Real businesses. Real Students

In 805conversations by Mark Sylvester

“Taking charge of what we want to do with our lives.”

Julia Danalevich and Gerbert Funes are two of the leaders of the Dons Net Cafe (DNC), a business incubator embedded in Santa Barbara High School. They talked with Mark about the history of the program that is now over 20 years old. They are one of seven high schools in the nation that have a program where students can build and launch real businesses. There’s a national program called the Virtual Enterprise Classroom which they also participate in, however they are virtual, meaning no real money or risk, the DNC has real clients and a real accounting department. They have won numerous awards from this organization and are on their way there now to compete with one of the newest companies, Volt Gaming, a membership organization that provides Game Tournaments and lunchtime play using the Computers in the Cafe. Mark is a mentor for the leadership of this program.
Take a step into my future” – Gerbert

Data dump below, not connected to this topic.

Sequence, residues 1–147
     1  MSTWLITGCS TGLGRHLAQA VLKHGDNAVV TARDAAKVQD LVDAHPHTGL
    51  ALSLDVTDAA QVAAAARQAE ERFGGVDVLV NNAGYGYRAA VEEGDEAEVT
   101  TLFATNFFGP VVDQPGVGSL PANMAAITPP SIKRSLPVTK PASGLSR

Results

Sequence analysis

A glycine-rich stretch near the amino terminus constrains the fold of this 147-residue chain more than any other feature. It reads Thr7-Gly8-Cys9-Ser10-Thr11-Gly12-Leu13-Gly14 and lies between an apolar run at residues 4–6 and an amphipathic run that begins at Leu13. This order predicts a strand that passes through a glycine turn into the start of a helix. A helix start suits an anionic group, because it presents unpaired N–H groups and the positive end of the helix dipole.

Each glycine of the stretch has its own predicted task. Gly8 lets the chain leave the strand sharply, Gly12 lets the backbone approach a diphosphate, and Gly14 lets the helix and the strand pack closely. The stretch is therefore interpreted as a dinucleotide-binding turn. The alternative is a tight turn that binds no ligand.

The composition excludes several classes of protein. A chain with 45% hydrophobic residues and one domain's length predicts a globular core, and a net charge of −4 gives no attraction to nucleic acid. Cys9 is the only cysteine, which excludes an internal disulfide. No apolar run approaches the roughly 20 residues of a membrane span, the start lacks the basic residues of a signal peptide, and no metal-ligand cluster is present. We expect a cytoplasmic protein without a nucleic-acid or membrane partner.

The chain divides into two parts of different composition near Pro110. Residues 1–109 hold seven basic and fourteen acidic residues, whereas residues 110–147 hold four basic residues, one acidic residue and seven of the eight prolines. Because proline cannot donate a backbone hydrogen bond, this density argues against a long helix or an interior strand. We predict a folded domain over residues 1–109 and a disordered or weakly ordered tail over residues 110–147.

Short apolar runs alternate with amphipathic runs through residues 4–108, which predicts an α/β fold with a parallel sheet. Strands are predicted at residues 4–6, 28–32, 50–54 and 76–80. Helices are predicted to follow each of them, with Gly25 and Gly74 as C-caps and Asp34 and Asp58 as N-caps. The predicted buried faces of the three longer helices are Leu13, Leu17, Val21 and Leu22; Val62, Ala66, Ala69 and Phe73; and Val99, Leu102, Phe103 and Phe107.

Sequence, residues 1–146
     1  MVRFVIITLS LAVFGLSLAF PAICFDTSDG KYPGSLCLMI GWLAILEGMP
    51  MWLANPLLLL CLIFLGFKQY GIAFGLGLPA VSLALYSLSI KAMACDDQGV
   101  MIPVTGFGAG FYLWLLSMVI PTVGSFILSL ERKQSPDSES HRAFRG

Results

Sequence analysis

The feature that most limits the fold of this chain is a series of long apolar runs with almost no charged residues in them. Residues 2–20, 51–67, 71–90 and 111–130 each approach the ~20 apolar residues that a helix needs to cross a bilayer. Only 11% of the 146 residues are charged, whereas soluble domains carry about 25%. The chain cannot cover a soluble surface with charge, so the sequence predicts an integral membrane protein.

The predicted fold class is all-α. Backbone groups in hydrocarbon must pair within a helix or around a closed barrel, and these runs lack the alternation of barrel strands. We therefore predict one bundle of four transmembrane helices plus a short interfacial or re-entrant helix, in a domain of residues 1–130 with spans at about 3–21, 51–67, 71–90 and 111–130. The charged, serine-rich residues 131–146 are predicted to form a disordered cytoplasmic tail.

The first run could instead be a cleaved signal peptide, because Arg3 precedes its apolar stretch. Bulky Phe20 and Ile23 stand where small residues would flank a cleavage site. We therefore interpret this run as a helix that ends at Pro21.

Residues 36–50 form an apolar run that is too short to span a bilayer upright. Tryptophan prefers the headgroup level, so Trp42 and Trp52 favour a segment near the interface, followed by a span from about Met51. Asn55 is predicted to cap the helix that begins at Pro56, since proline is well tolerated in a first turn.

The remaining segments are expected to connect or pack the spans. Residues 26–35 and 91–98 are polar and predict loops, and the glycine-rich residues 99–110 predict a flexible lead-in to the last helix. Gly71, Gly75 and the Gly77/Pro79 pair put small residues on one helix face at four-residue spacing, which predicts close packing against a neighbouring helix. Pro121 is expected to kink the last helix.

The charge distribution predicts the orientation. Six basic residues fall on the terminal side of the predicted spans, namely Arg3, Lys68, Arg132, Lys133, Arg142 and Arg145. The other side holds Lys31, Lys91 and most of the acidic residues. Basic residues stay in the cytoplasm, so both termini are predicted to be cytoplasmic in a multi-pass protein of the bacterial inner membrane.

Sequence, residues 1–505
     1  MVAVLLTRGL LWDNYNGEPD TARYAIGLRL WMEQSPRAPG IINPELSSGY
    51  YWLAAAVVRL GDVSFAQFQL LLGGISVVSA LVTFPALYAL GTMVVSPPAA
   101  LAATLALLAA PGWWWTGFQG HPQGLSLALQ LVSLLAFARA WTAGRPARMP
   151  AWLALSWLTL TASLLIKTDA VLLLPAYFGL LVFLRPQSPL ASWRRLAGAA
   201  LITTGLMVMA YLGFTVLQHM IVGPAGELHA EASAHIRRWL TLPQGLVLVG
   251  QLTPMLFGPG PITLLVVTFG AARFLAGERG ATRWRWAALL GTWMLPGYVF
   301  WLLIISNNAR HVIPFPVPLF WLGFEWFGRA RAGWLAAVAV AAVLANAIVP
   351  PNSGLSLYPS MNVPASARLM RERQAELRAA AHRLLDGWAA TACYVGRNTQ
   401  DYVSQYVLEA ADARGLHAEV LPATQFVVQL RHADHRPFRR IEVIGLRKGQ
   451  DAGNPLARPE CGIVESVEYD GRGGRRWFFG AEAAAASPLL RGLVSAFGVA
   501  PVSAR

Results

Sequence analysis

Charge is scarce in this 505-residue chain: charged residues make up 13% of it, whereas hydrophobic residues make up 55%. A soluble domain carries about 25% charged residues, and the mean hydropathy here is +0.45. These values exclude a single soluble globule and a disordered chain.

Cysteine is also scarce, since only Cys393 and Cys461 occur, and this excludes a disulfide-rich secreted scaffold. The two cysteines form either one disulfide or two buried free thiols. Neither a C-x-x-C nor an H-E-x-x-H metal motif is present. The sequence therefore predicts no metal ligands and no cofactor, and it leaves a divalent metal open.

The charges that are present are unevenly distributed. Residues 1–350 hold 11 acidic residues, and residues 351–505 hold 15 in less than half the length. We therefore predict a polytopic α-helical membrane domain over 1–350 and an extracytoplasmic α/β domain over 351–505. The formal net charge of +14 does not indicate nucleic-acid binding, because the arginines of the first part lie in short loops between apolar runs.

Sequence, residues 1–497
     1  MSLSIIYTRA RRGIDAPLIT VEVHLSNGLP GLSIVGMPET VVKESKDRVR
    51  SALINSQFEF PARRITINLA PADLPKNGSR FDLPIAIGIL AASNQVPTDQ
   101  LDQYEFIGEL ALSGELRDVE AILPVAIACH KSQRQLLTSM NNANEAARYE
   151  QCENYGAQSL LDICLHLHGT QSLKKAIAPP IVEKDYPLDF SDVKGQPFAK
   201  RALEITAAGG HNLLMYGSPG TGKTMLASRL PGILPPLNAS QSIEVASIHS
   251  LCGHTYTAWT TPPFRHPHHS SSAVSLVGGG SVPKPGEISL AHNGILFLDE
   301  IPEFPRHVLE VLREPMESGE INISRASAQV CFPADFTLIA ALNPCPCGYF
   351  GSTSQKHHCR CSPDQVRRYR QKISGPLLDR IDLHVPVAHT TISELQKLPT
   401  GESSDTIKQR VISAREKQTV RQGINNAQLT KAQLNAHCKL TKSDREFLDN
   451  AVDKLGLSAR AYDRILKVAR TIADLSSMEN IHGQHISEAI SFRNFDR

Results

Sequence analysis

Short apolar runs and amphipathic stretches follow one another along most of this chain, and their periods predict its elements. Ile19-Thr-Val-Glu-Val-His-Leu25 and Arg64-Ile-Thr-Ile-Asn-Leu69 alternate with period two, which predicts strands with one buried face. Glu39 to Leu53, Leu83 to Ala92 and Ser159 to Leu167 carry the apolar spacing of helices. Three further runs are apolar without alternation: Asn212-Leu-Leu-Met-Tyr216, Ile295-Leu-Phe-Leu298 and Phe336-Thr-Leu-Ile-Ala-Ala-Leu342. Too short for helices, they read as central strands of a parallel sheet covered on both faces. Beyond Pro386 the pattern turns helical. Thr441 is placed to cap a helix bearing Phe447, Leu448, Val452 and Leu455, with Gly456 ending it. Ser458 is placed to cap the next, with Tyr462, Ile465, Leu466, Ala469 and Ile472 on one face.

Topics included;
  • Julia, the COO of the DNC expalins how the operation works
  • Finding Common Ground – one of the companies – full list here
  • The VITA (Volunteer Income Tax Assistance) program – and being recognized by the Director of the IRS in Washington – Noozhawk article here. It is funded by the United Way, to provide free tax returns to people that can’t afford it. They have been awarded the #1 VITA site in the nation by the LA Times.
  • 14 Businesses that are currently operating out of the DNC
  • How taking part in real businesses has created great experiences for them both
  • How they have learned to provide general services, such as HR, IT, Accounting, Marketing to the various businesses in the DNC
  • How these high-achieving students manage to balance their other school with the passion they have for business and social responsibility
  • They participate in the New Venture Competiton at Santa Barbara City College with other local high school.
  • What they’d tell other students about getting involved in such a program
Mark mentioned that these students are learning valuable lessons that they’ll be able to use immediately as they decide what they want to do with their lives. We’d encourage you to get involved with your local High School’s Virtual Enterprise or Regional Occupational Program (ROP) and give back some of your time.